Lake trout, also called mackinaw, have dominated the Priest Lake fishery since they overpopulated the lake in the 1980s, collapsing the kokanee and bull trout populations, IFG biologists say.
While the lake trout fishery has become popular with many anglers, other fishermen would prefer restoration of a kokanee, bull trout and cutthroat fishery, said Jim Fredericks, IFG regional fishery manager.
Bringing back kokanee and native fisheries would require gillnetting and angler incentives to significantly reduce the lake trout population, similar to what’s been done in recent years at Lake Pend Oreille.
Anglers are almost equally polarized in the debate, Fredericks said.
Lake trout are prolific, inexpensive to manage and provide a steady fishing opportunity, he said.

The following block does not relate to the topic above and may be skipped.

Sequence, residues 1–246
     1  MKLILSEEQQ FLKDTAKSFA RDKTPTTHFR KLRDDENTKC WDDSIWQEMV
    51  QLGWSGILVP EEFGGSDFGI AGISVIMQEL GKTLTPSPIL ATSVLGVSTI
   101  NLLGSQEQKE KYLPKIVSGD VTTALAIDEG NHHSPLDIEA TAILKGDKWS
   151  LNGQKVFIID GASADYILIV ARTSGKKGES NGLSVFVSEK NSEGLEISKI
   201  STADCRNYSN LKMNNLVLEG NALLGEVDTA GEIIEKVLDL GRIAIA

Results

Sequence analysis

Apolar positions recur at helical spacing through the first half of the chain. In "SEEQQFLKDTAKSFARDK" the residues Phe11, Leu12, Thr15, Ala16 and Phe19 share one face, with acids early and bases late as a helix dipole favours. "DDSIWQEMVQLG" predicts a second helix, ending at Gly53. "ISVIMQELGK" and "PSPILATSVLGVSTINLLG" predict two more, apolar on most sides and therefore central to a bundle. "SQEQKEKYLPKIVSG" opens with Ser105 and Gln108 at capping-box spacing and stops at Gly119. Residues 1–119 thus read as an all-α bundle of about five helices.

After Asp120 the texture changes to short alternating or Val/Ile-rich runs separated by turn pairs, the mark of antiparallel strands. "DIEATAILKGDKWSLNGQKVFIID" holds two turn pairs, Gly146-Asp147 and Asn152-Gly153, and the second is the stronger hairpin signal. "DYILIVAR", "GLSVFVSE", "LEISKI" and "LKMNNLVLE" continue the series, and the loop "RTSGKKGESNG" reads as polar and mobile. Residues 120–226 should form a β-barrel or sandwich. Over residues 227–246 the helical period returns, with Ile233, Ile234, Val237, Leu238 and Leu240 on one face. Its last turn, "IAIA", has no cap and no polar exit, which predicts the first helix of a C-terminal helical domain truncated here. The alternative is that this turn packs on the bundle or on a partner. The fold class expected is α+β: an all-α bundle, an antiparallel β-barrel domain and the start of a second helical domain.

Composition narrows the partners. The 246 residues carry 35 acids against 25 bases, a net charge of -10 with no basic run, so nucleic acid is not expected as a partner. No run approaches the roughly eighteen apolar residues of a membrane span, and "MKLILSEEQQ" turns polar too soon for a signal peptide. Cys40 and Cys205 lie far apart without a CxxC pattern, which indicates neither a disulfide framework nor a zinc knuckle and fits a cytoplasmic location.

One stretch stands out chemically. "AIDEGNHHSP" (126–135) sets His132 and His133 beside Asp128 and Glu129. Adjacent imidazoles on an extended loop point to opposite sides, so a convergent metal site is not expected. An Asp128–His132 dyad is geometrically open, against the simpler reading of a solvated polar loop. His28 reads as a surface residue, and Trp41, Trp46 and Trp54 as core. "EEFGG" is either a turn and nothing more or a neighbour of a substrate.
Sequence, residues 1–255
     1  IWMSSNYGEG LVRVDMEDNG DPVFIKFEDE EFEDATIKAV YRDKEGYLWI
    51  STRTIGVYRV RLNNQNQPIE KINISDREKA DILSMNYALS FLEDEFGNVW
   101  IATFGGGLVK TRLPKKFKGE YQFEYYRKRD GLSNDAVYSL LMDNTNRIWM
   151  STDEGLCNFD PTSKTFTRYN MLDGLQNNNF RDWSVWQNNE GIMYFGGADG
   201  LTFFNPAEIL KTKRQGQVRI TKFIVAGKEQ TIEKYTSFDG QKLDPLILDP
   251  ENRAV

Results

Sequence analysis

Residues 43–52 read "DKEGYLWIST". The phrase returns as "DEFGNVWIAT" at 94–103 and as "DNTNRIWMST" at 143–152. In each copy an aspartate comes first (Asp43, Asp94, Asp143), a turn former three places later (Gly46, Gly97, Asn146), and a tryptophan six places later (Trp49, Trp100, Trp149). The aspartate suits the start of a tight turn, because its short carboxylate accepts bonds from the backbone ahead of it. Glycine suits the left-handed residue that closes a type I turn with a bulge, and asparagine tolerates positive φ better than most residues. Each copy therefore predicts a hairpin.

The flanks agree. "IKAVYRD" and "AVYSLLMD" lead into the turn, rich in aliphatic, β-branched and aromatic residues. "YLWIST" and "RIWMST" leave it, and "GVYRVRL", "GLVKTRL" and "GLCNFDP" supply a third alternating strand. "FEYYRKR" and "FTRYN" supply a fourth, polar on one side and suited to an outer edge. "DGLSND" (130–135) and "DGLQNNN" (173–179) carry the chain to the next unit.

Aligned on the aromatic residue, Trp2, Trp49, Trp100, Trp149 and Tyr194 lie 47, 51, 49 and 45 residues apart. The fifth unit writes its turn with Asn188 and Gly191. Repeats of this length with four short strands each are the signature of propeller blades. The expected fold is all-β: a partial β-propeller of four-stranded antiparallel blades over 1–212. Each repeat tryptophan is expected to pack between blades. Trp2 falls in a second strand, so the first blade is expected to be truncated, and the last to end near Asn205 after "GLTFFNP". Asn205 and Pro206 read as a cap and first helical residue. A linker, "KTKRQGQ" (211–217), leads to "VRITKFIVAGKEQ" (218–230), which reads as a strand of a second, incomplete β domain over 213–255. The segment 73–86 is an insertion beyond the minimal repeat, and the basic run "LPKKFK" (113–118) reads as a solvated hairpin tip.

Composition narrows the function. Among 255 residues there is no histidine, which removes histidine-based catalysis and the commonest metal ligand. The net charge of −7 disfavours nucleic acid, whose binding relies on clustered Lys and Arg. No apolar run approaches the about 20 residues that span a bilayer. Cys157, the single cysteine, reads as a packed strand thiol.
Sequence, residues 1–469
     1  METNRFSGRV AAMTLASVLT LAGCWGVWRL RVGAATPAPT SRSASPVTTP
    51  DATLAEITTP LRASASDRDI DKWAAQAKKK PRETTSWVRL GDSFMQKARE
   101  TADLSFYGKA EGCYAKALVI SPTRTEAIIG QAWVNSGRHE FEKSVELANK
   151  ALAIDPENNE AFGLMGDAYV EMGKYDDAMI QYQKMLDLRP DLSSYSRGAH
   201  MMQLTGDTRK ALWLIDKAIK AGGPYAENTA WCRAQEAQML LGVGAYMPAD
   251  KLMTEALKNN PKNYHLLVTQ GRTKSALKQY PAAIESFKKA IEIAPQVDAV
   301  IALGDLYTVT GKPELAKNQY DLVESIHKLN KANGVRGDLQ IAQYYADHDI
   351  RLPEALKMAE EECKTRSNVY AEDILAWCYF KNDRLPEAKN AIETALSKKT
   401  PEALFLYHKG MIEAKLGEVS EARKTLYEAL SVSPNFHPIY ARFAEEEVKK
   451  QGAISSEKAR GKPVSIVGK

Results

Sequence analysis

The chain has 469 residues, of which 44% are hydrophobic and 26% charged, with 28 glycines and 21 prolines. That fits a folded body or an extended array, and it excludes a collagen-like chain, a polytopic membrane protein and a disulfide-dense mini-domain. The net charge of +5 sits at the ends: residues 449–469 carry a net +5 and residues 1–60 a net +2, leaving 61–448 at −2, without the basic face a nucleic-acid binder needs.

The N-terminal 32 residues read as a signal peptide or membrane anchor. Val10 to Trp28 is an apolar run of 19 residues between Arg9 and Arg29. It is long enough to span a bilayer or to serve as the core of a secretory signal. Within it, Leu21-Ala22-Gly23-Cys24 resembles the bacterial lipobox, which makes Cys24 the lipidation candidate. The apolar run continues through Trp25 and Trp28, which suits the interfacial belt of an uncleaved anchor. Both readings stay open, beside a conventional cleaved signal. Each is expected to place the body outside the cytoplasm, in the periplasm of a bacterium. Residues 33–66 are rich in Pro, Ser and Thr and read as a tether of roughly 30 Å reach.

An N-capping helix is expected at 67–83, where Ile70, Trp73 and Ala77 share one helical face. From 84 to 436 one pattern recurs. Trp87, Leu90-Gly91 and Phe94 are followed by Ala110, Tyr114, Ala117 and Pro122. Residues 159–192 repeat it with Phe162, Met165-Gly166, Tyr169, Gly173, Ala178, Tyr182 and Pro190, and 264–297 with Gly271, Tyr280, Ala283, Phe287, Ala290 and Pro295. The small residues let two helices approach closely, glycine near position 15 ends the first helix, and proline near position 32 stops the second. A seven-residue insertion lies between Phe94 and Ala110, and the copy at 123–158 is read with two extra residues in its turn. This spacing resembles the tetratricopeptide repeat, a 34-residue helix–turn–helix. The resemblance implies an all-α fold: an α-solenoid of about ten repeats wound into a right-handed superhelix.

On the other hand, lake trout tend to dominate systems at the expense of other species, and they’re not as valuable to the recreation economy as kokanee, he said.
Top recent outdoors-related stories in The Spokesman-Review include:
FISHING – Coinciding with a debate about future management of the Priest Lake mackinaw fishery, the Idaho Department of Fish and Game is joining a comprehensive study of the lake trout population.
The University of Idaho College of Natural Resources and the Kalispel Tribe will help in estimating the number of lake trout in Priest Lake and identifying growth and survival rates and food habits.
Large-scale commercial netting equipment will be used, similar to that being used in Lake Pend Oreille. From March through May, deepwater trapnets and short-duration set gillnets will be used to capture, measure, and mark lake trout with an individually numbered tag.